A defense lawyer lets slip at the war court convening here that a battlefield commander changed an Afghanistan firefight report in a way that seemed to help a U.S. government murder case. Reporters hear the field commander's name but are forbidden to report it.
In another case, a judge approves the release of a captive's interrogation video showing the blurred face of an American agent. But a federal prosecutor on loan to the Pentagon withholds it ``out of an abundance of caution.''
Even as the U.S. government edges toward full-blown, war-crimes trials by military commission here, with more hearings next week, all sides are grappling with what information can be made public and what must be kept secret.
Consider: A new courtroom here sequesters Pentagon-approved spectators behind a soundproofed window. If a terror suspect tries to shout about his treatment in U.S. custody, a military censor can mute the audio feed that observers hear.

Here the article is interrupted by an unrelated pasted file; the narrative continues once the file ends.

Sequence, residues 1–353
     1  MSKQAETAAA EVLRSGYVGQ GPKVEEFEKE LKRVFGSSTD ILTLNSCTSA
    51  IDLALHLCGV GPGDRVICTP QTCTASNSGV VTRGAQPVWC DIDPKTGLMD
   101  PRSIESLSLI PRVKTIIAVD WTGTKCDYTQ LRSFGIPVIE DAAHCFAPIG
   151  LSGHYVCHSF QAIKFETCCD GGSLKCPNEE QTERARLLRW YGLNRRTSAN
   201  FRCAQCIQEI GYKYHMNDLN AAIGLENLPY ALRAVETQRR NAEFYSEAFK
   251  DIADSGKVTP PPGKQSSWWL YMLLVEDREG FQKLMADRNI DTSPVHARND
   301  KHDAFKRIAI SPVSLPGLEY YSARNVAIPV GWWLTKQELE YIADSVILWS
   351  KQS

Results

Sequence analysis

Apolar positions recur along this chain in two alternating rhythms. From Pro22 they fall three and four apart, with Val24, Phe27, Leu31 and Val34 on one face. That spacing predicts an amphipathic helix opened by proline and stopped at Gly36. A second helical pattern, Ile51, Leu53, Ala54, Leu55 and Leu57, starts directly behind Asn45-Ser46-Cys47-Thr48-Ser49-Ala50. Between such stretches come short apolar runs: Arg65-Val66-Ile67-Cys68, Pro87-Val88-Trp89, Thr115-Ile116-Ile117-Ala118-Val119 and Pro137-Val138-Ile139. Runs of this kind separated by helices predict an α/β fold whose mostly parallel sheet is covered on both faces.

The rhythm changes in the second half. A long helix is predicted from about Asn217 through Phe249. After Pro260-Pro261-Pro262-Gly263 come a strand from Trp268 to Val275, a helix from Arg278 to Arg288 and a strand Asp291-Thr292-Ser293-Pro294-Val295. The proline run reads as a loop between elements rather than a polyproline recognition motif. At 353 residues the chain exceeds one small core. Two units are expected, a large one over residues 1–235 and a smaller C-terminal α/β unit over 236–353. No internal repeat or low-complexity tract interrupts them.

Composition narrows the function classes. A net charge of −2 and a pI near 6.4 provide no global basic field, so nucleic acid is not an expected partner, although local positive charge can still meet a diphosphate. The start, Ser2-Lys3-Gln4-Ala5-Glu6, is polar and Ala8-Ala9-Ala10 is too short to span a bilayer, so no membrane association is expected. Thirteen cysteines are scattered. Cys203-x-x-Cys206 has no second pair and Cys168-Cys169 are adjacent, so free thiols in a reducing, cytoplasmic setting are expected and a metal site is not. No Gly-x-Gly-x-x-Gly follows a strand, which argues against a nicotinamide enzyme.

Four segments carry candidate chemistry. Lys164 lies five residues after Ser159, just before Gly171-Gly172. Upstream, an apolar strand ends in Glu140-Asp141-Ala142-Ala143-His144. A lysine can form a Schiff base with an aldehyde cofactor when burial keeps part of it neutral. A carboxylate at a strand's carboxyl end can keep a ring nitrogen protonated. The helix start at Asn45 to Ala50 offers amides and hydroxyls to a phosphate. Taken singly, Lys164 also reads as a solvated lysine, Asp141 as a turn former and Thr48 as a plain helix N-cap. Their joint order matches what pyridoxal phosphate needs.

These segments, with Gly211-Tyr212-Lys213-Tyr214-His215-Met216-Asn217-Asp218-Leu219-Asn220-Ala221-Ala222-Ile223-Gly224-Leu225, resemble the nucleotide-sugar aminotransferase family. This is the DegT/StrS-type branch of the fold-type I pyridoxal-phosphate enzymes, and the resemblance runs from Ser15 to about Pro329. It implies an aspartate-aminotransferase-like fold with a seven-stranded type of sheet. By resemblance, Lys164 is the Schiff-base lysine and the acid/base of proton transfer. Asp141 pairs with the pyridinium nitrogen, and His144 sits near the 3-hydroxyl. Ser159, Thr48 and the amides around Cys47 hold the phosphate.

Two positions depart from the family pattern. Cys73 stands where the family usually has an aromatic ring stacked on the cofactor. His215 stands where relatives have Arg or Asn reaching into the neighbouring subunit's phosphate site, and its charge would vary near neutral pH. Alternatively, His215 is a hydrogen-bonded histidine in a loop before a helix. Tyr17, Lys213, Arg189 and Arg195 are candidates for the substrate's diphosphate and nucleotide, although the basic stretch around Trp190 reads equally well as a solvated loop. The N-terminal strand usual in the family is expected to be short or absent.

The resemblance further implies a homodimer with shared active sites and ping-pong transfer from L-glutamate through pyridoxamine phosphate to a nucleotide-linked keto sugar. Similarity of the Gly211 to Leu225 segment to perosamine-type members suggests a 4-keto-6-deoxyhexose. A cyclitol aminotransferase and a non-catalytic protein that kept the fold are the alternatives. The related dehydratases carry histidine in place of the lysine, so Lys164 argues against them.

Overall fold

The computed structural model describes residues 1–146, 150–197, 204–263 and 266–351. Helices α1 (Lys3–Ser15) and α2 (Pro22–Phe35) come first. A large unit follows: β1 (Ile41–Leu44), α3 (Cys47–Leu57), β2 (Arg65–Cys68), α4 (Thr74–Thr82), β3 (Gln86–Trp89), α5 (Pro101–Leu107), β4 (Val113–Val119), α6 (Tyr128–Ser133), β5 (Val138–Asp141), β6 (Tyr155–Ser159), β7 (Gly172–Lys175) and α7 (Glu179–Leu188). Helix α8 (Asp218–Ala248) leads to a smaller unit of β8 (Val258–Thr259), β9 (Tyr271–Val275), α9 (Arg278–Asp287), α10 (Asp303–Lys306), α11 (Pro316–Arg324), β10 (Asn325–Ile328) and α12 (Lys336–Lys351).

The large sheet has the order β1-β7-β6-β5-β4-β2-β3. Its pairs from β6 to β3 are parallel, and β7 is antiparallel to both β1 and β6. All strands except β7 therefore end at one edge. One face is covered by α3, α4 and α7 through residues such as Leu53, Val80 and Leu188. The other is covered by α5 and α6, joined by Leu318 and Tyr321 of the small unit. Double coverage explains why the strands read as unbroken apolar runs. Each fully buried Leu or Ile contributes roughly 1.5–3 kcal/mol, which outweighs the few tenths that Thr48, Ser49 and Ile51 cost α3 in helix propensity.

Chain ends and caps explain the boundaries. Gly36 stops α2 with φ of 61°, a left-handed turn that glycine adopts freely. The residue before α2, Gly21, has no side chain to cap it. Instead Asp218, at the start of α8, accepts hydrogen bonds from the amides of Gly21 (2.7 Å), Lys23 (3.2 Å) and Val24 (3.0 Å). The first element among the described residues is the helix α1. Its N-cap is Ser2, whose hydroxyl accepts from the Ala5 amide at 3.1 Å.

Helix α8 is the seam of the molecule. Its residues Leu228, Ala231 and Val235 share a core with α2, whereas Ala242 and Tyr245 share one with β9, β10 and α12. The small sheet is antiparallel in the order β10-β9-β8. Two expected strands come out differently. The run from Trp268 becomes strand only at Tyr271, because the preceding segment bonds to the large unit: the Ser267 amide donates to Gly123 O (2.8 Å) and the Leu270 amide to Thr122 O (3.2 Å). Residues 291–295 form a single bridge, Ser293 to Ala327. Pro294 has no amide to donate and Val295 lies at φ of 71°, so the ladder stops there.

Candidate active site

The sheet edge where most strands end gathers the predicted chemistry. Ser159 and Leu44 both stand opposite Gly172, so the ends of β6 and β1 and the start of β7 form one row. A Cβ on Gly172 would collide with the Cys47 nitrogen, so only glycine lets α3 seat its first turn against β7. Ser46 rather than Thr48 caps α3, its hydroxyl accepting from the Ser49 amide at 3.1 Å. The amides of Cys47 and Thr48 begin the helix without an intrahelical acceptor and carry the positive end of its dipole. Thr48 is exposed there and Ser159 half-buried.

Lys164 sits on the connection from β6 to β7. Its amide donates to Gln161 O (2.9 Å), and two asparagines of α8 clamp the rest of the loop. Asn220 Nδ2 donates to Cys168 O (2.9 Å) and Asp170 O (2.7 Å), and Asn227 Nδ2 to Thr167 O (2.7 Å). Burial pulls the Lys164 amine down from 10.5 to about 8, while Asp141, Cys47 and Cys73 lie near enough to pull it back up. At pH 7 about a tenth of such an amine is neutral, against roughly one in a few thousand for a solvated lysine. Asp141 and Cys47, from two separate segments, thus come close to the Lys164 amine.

Under rules that protect interrogation techniques, the Pentagon's war court won't let the reputed 9/11 architect, Khalid Sheik Mohammed, say he was waterboarded -- something the CIA director, Air Force Gen. Michael V. Hayden, confirmed on Feb. 5.
Pentagon officials defend the Military Commissions as engaged in a delicate balancing act -- working to mete out justice to war-on-terrorism captives without exposing U.S. intelligence tactics and personnel to public scrutiny.
As long as there is an al Qaida, they argue, such information could be used to hurt Americans or their allies.
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